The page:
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Eclipse Psychology: How the 2024 Total Solar Eclipse Will Unite People Watching

It was 11:45 A.M. on August 21, 2017. I was in a grassy field in Glendo, Wyo., where I was surrounded by strangers turned friends, more than I could count—and far more people than had ever flocked to this town, population 210 or so. Golden sunlight blanketed thousands of cars parked in haphazard rows all over the rolling hills. The shadows were quickly growing longer, the air was still, and all of our faces pointed to the sky. As the moon progressively covered the sun, the light melted away, the sky blackened, and the temperature dropped. At the moment of totality, when the moon completely covered the sun, some people around me suddenly gasped. Some cheered; some cried; others laughed in disbelief.

Exactly 53 minutes later, in a downtown park in Greenville, S.C., the person who edited this story and the many individuals around him reacted in exactly the same ways.

When a total solar eclipse descends—as one will across Mexico, the U.S. and Canada on April 8—everyone and everything in the path of totality are engulfed by deep shadow. Unlike the New Year’s Eve countdown that lurches across the globe one blocky time zone after another, the shadow of totality is a dark spot on Earth that measures about 100 miles wide and cruises steadily along a path, covering several thousand miles in four to five hours. The human experiences along that path are not isolated events any more than individual dominoes are isolated pillars in a formation. Once that first domino is tipped, we are all linked into something bigger—and unstoppable. We all experience the momentum and the awe together.

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When this phenomenon progresses from Mexico through Texas, the Great Lakes and Canada on April 8, many observers will describe the event as life-changing, well beyond expectations. “You feel a sense of wrongness in those moments before totality, when your surroundings change so rapidly,” says Kate Russo, an author, psychologist and eclipse chaser. “Our initial response is to ask ourselves, ‘Is this an opportunity or a threat?’ When the light changes and the temperature drops, that triggers primal fear. When we have that threat response, our whole body is tuned in to taking in as much information as possible.”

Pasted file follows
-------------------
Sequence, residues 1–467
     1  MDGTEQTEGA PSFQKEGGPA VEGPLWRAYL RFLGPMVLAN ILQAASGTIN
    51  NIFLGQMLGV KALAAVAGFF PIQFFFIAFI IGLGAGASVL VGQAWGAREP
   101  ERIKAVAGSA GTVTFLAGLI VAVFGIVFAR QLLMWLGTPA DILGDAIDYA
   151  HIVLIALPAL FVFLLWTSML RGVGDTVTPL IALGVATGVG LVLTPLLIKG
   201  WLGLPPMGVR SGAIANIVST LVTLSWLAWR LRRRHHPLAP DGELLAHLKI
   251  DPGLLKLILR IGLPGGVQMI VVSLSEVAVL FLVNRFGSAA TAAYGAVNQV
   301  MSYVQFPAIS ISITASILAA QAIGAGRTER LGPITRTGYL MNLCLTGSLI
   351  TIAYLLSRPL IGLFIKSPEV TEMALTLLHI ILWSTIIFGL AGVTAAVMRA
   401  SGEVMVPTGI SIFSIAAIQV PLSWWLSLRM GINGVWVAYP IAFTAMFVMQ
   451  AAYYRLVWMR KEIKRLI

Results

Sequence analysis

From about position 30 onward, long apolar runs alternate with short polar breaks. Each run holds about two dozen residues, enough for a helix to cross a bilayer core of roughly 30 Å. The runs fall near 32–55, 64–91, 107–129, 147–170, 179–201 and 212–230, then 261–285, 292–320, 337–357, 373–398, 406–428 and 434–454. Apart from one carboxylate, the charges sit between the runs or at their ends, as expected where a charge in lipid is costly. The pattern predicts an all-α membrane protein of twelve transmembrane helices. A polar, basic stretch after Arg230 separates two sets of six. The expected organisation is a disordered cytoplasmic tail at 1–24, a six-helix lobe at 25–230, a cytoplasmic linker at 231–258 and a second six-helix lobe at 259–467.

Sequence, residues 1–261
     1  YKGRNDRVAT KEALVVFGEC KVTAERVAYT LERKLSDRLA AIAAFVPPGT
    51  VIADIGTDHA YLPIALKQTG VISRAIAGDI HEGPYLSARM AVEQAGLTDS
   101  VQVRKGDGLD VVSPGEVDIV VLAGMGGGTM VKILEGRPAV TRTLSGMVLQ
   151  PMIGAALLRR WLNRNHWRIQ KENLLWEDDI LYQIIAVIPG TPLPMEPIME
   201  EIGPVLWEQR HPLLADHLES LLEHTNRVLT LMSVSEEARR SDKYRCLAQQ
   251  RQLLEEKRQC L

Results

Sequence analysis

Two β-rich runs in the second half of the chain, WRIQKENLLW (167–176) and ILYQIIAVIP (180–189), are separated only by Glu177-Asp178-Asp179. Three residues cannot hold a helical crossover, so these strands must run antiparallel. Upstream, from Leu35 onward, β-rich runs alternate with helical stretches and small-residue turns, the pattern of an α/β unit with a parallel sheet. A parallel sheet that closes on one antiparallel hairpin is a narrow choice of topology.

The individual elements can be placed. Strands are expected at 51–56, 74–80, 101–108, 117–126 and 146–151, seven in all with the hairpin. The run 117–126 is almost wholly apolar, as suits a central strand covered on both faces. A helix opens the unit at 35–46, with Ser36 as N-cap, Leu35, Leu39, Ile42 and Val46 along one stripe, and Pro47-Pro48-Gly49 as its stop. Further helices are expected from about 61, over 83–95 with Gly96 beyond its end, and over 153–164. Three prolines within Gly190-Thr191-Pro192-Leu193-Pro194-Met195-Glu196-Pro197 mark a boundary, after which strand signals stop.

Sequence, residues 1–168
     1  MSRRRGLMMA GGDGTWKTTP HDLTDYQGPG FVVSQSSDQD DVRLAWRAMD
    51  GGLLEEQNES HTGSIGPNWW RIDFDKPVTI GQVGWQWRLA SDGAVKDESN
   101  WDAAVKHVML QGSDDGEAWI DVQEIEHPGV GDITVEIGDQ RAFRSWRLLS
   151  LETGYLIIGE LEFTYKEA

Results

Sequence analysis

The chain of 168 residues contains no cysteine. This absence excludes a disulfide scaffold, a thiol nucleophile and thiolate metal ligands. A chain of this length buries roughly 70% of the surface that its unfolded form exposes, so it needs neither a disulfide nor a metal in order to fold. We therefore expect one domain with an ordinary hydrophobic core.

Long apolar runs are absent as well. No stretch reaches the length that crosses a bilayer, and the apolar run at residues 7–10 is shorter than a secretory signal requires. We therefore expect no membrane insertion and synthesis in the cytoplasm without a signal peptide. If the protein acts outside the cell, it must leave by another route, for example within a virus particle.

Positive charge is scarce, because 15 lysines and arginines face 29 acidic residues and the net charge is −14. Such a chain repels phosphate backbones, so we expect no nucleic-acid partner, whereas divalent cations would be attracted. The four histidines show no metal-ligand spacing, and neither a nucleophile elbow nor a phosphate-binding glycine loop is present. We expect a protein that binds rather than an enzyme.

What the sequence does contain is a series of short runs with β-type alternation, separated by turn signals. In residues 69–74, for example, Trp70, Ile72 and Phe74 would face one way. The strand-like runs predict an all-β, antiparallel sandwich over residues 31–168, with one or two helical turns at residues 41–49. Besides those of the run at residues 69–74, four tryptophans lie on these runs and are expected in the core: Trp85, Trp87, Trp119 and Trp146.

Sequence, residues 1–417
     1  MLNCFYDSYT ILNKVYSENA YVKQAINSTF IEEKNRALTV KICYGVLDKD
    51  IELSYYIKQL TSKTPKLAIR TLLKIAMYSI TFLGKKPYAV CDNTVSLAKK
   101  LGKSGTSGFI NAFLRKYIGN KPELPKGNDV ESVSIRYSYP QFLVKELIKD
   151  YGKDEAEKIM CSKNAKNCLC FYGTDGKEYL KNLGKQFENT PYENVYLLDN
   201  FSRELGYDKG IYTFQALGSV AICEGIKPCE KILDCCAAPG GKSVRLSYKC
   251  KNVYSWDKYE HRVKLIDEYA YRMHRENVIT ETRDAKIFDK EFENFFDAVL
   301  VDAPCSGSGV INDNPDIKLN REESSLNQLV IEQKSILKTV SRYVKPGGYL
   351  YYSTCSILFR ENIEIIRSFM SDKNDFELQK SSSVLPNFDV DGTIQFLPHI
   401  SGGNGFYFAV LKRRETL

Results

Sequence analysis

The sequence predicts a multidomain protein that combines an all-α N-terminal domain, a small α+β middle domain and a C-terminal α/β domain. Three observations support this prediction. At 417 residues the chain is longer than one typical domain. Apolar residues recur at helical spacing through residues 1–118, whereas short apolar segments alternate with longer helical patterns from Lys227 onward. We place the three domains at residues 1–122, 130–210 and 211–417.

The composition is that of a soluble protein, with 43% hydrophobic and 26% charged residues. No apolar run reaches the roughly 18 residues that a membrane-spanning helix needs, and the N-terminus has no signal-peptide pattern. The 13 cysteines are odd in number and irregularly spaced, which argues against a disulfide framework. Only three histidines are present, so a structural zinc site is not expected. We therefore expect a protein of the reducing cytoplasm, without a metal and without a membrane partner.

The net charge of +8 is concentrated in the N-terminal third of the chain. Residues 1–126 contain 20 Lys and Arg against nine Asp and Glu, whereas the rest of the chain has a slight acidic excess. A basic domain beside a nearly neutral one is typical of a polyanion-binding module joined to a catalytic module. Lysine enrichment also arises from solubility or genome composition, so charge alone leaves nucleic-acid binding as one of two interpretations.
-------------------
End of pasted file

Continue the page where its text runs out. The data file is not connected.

Russo, who has witnessed 12 total eclipses and counting, has interviewed eclipse viewers from around the world. She continues to notice the same emotions felt by all. They begin with that sense of wrongness and primal fear as totality approaches. When totality starts, we feel powerful awe and connection to the world around us. A sense of euphoria develops as we continue watching, and when it’s over, we have a strong desire to seek out the next eclipse.

“The awe we feel during a total eclipse makes us think outside our sense of self. It makes you more attuned to things outside of you,” says Sean Goldy, a postdoctoral fellow at the department of psychiatry and behavioral sciences at Johns Hopkins University.

Goldy and his team analyzed Twitter data from nearly 2.9 million people during the 2017 total solar eclipse. They found that people within the path of totality were more likely to use not only language that expressed awe but also language that conveyed being unified and affiliated with others. That meant using more “we” words (“us” instead of “me”) and more humble words (“maybe” instead of “always”).

“During an eclipse, people have a broader, more collective focus,” Goldy says. “We also found that the more people expressed awe, the more likely they were to use those ‘we’ words, indicating that people who experience this emotion feel more connected with others.”

This connectivity ties into a sociological concept known as “collective effervescence,” Russo and Goldy say. When groups of humans come together over a shared experience, the energy is greater than the sum of its parts. If you’ve ever been to a large concert or sporting event, you’ve felt the electricity generated by a hive of humans. It magnifies our emotions.